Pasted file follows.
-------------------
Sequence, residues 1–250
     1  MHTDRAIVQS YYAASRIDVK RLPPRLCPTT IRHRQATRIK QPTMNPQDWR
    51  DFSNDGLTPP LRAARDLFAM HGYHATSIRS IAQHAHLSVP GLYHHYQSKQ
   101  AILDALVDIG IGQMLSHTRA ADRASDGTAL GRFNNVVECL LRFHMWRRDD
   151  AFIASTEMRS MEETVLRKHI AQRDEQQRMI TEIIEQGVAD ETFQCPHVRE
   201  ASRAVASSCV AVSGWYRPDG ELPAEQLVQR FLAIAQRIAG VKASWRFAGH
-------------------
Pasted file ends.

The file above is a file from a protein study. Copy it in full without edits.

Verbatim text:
Sequence, residues 1–250
     1  MHTDRAIVQS YYAASRIDVK RLPPRLCPTT IRHRQATRIK QPTMNPQDWR
    51  DFSNDGLTPP LRAARDLFAM HGYHATSIRS IAQHAHLSVP GLYHHYQSKQ
   101  AILDALVDIG IGQMLSHTRA ADRASDGTAL GRFNNVVECL LRFHMWRRDD
   151  AFIASTEMRS MEETVLRKHI AQRDEQQRMI TEIIEQGVAD ETFQCPHVRE
   201  ASRAVASSCV AVSGWYRPDG ELPAEQLVQR FLAIAQRIAG VKASWRFAGH